The statement came ahead of Indian Prime Minister Narendra Modi's proposed visit to Myanmar on his way to China to attend the BRICS Summit in the first week of September, reported our New Delhi correspondent.
Meanwhile, Myanmar government has evacuated at least 4,000 non-Muslim villagers amid ongoing clashes in northwestern Rakhine state, the government said.
The death toll from the violence that erupted on Friday with coordinated attacks by Rohingya insurgents has climbed to 98, including some 80 insurgents and 12 members of the security forces, reports Reuters.
The clashes, the worst since at least October, have prompted the government to evacuate staff and thousands of non-Muslim villagers from the area.
Fighting involving the military and hundreds of Rohingya across northwestern Rakhine continued on Saturday with the fiercest clashes taking place on the outskirts of the major town of Maungdaw, according to residents and the government.
The attacks marked a dramatic escalation of a conflict that has simmered in the region since last October, when a similar but much smaller Rohingya attack prompted a brutal military operation beset by allegations of serious human rights abuses.
As the latest violence in Rakhine triggered a fresh inflow of Rohingyas towards Bangladesh, about 2,000 to 2,500 of them entered Naikhyangchhari on Saturday evening.
They were condoned off by BGB members so that they cannot proceed further into the country. Locals, however, extended a helping hand to the refugees with food, water and other life-saving materials.
Panel Chairman of Ghumdhum Union Parishad Kamal Uddin said if not guarded, the refugees will take shelter in nearby Balukhali and Kutupalong camps.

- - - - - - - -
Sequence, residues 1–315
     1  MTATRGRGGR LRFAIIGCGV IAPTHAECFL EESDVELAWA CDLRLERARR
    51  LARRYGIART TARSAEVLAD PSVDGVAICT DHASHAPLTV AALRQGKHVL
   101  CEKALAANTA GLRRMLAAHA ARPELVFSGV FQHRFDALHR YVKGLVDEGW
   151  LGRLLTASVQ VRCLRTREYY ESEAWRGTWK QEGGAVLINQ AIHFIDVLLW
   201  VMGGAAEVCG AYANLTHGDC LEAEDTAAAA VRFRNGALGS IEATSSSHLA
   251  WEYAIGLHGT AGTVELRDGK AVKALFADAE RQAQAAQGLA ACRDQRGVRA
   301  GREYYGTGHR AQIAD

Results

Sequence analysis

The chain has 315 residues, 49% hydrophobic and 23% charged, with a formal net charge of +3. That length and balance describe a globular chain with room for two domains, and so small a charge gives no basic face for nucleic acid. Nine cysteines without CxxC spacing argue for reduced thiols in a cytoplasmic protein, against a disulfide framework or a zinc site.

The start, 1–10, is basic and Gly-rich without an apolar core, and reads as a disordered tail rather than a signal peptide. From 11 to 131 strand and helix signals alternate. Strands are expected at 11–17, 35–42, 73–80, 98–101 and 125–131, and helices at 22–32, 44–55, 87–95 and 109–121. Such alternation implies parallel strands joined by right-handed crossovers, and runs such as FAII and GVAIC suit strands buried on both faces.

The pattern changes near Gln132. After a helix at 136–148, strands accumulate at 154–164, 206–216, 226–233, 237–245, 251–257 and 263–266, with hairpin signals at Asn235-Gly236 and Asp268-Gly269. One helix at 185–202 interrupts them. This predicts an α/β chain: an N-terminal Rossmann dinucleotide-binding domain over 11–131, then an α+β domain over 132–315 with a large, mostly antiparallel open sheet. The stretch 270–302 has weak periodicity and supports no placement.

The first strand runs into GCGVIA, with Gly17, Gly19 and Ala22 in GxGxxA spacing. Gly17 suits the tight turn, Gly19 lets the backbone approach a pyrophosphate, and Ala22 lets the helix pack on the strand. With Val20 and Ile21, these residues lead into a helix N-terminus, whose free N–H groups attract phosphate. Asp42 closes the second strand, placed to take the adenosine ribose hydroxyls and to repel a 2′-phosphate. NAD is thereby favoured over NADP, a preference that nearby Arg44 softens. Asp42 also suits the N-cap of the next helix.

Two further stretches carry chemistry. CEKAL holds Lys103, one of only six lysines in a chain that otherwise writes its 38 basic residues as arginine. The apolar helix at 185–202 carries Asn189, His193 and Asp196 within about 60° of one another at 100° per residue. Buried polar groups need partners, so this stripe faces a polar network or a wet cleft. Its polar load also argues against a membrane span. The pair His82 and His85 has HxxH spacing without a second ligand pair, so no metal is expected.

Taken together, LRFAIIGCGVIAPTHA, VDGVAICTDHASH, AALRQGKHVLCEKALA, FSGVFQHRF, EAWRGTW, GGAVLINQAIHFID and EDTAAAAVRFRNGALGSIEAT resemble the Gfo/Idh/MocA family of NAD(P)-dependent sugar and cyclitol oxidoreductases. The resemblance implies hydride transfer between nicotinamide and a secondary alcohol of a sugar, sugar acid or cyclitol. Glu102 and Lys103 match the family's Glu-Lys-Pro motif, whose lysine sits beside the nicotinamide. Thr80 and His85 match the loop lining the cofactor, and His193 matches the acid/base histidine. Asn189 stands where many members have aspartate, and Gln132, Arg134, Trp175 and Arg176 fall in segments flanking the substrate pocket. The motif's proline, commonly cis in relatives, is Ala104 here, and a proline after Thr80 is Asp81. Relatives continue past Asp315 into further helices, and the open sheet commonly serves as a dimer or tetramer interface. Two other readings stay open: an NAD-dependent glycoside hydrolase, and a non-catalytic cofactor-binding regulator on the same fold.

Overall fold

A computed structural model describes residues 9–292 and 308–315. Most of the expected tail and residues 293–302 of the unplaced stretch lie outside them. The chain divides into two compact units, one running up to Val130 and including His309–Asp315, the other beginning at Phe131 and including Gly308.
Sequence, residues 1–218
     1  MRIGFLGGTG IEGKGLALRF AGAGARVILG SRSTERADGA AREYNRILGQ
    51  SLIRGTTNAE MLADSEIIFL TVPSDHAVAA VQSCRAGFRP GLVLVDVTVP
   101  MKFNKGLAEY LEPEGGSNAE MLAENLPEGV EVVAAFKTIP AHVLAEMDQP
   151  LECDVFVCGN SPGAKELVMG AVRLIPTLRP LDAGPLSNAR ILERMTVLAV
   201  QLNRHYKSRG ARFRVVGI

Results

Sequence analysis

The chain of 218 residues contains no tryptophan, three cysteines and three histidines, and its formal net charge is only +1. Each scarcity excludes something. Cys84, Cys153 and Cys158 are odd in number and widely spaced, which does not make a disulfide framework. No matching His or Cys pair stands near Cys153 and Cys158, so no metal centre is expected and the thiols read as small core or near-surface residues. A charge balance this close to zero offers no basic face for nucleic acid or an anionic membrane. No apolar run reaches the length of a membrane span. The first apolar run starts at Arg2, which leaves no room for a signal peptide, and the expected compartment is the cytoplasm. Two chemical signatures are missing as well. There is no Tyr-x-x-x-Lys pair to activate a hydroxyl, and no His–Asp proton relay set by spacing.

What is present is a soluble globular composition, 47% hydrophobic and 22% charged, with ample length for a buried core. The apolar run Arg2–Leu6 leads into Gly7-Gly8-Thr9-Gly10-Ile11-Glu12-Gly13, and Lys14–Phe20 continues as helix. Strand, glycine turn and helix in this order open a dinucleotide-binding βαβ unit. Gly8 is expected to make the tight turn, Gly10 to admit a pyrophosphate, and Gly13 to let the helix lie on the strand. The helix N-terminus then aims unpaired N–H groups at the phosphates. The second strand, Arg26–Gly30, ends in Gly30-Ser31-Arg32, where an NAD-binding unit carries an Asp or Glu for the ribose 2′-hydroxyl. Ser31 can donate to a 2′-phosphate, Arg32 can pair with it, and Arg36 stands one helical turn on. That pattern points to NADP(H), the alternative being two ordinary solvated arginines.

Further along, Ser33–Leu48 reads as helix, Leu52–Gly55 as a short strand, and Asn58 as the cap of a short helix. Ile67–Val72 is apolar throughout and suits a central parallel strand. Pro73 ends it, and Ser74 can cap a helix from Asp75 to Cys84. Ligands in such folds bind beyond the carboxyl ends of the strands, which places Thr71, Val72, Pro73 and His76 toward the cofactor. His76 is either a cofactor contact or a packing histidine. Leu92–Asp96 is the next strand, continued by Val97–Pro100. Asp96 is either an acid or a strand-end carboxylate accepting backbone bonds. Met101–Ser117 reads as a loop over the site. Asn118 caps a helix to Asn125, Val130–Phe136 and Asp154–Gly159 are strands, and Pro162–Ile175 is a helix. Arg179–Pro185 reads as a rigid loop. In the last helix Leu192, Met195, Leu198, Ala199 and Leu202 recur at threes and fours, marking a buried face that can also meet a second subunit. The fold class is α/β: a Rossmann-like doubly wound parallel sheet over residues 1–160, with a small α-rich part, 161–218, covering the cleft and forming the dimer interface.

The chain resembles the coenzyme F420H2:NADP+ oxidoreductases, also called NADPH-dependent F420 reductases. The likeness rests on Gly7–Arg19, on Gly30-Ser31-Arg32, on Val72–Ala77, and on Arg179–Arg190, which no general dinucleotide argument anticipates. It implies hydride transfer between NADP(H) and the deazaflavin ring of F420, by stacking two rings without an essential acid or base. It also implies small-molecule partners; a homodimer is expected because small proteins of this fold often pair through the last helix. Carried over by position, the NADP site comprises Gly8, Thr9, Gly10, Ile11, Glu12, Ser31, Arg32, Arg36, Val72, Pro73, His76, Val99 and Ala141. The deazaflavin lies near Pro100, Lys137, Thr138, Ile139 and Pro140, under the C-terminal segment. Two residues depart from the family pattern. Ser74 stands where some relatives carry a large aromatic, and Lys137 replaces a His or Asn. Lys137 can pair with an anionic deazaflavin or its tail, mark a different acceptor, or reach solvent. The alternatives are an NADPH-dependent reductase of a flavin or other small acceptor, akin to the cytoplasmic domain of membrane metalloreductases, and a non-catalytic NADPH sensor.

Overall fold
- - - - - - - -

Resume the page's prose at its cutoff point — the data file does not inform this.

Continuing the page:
Quoting a BGB commander, AFP reported that 20 Rohingyas were caught yesterday and sent back.
The country has been hosting up to 5,00,000 Rohingyas for three decades. Around 33,000 of them are registered and live in two camps in Cox's Bazar. Others live in different areas of Cox's Bazar and Chittagong.
After Myanmar armed forces launched a counterinsurgency operation following attacks on security personnel in Rakhine State in October last year, more than 75,000 Rohingyas fled to Bangladesh.
FOUR OTHER INJURED AT CMCH
Four more injured Rohingyas were admitted to Chittagong Medical College Hospital (CMCH) yesterday.
They are Ziabul, 27, son of Nuruzzaman; Md Elias, 20, son of Hamid Hossain; Md Toha, 16, son of Hossen Ahmed, and Mubarak Hossain, 25, son of Nabi Hossain, said Assistant Sub-Inspector Allauddin, of CMCH Police Outpost.
All of them are bullet-hit and from Maungdaw town in Rakhine State, he added.
“Mobarak Hossain was admitted to CMCH around 3:30pm yesterday and the rest came in the early hours,” the ASI added. “The condition of Elias is critical as he suffered bullet injuries in his shoulder and head.”
They entered Bangladesh through several points of Bandarban border. They received primary treatment at Kutupalong before being shifted to CMCH.
With the four, the total number of injured Rohingyas admitted to CMCH stands at six.
Mohammad Musa, 23, who suffered bullet wounds while fleeing alleged police action in his village in Rakhine State, died at CMCH on Saturday morning.